There were some 30 million cases of cyber bullying in Israel in the first 10 months of this year, victimizing about 387,000 people 20 or older, according to a survey by the Public Security Ministry. This works out to 63 cases of cyber bullying every minute.
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Yet the police have opened an average of only 712 cyber-bullying cases a year over the past four years, accounting for a mere 0.19 percent of all police cases opened during this period. This is the situation even though a police source said the force assumes that “cyber bullying causes much more severe damage than physical bullying, and its ramifications are deeper and broader.”
The ministry’s survey dealt only with men and women over 20, so the numbers don’t cover cyber bullying targeting minors. But in a survey of thousands of students aged 13 to 18 earlier this year, 65 percent said they had been the victim of cyber bullying at least once.
The police define cyber bullying as repeated, deliberate attacks committed via computer, cellphone, camera or any other digital device. Cyber bullying can include harassment, disseminating rumors, humiliation, mockery, defamation, impersonating someone, misleading someone, disseminating someone’s personal information, ostracism, intimidation, threats and extortion.
The survey found that one reason the police open so few cyber-bullying cases is that relatively few such crimes are ever reported. Only 16.5 percent of victims turned to an agency such as the police, the welfare authorities or the Communications Ministry.
But 61.4 percent do tell someone – usually a relative or close friend. About 9 percent report the bullying to either the website involved or their Internet service provider.
The survey found that slightly more women than men are cyber-bullied; of the 386,500 victims, 190,800 were male and 195,700 were female. More than half were age 25 to 44, but even the elderly weren’t immune; some 25,000 people over 65 have been cyber bullied this year.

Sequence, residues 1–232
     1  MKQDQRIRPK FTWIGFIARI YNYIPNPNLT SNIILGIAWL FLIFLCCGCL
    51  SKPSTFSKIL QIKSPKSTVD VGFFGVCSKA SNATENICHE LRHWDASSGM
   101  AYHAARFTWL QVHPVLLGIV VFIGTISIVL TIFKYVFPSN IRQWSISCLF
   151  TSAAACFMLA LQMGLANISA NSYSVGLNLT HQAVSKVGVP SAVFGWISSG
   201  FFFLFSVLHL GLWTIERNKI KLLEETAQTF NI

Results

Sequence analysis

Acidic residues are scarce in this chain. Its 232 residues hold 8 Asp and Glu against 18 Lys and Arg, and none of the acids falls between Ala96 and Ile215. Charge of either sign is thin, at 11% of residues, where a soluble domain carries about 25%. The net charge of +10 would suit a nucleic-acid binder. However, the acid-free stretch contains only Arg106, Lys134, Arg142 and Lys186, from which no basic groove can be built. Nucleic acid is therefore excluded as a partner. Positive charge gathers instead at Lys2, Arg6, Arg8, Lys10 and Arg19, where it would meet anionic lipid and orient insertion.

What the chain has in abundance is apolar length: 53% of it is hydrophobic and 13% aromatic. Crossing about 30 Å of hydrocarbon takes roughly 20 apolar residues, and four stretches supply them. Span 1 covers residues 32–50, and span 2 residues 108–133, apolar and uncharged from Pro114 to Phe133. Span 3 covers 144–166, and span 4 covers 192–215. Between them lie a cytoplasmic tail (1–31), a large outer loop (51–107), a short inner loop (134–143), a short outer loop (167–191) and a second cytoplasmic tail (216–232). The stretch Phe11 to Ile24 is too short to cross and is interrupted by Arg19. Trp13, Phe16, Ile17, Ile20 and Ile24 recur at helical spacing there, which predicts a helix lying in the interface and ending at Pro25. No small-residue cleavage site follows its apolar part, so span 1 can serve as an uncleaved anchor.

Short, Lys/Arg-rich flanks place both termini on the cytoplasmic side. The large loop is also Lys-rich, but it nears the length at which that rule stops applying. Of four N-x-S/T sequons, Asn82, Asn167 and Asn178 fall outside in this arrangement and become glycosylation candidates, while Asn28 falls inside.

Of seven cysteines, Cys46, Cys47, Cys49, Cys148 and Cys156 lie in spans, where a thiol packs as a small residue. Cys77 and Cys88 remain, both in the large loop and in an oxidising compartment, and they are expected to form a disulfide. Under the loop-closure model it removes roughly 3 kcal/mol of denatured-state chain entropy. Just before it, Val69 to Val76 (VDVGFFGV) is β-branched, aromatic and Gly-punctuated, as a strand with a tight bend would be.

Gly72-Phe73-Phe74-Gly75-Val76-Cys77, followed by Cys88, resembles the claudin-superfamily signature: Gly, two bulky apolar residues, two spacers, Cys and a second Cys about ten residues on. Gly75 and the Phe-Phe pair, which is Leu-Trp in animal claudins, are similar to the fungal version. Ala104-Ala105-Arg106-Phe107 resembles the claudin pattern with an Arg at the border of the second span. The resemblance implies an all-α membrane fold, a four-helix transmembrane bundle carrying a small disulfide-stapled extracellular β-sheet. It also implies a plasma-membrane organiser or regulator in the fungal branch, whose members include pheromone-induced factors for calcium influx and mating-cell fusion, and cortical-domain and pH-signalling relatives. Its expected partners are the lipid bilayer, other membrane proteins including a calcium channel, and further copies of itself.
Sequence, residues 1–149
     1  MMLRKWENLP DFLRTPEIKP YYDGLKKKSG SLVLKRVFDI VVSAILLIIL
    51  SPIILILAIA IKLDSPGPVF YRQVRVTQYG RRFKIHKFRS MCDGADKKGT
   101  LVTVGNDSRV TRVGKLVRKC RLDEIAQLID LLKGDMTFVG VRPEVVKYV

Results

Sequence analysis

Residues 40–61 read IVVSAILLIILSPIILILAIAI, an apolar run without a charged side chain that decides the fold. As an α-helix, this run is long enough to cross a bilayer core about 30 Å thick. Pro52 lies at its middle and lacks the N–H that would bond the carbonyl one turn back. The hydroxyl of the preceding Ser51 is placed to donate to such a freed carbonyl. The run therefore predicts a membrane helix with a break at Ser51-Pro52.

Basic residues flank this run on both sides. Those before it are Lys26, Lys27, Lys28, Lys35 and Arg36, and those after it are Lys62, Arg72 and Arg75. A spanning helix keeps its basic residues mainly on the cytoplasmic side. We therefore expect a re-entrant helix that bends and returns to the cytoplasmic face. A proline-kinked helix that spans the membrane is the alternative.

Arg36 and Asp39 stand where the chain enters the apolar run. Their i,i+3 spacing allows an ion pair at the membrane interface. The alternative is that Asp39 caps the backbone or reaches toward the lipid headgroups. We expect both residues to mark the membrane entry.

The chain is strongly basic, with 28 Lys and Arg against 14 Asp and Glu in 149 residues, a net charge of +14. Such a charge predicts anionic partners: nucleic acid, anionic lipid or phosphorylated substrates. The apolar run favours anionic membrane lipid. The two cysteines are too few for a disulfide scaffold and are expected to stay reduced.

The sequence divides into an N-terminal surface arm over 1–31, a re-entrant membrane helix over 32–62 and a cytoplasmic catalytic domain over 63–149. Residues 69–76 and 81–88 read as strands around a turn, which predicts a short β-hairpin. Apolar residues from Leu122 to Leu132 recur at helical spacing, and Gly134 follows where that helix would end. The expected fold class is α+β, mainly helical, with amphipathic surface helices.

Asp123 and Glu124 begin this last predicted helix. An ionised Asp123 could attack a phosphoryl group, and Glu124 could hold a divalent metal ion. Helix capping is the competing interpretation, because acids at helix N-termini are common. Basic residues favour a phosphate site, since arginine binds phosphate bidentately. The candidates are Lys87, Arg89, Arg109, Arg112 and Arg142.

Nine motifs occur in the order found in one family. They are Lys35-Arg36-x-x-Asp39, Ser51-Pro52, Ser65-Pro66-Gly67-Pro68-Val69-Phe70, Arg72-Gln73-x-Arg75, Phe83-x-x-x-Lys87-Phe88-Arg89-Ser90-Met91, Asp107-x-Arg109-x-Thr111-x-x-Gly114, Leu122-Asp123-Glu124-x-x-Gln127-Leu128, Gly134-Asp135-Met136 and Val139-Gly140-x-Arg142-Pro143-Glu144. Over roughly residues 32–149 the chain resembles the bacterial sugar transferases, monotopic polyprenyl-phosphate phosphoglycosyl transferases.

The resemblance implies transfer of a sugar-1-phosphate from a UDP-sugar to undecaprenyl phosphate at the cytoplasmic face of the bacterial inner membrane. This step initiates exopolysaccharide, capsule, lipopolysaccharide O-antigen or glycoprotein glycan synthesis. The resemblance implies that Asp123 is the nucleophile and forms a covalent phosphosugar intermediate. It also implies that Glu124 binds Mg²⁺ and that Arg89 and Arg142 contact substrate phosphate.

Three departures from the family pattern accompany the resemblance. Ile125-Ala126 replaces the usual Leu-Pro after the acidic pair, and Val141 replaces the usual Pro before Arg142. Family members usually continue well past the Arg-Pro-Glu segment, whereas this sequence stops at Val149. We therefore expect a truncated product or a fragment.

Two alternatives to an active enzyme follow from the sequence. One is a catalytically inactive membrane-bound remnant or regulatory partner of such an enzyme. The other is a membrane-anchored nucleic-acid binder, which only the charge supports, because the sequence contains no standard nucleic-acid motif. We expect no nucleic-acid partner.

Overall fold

Slightly more than half the victims, 53.5 percent, said they had suffered harassment, threats or humiliation. Another 15.5 percent said personal information had been stolen and published online, while 19.6 percent were the victims of either impersonation or identity theft.
The remaining 22.2 percent suffered some other type of cyber attacks.
In the survey, the organizations cited as the biggest harassers were religious groups making robocalls asking for donations, companies, direct-marketing firms and conductors of corporate surveys. Respondents also cited cases in which entering a website led to a takeover of their computer or the acquisition of bank-account data.
The police, far from being able to cope with the plethora of cases, have been expanding their online crime division.
But they still devote most of their resources to fighting street crime. Their online fraud and computer crime units have only a handful of policemen, and these units focus on fighting crime rings that do business via the web, along with pedophilia and scams that target large numbers of people.
Thus last year, police opened only 724 cyber-bullying cases, of which only a few dozen produced indictments. And that’s a 9 percent increase over the number of cases opened in 2012.
The Public Security Ministry, for its part, said it tries hard to prevent cyber bullying via three other ministry-run organizations – Mezila, the Community Crime and Prevention Division; the Israel Anti-Drug Authority; and City Without Violence – as well as via special projects, dissemination of explanatory material and other efforts.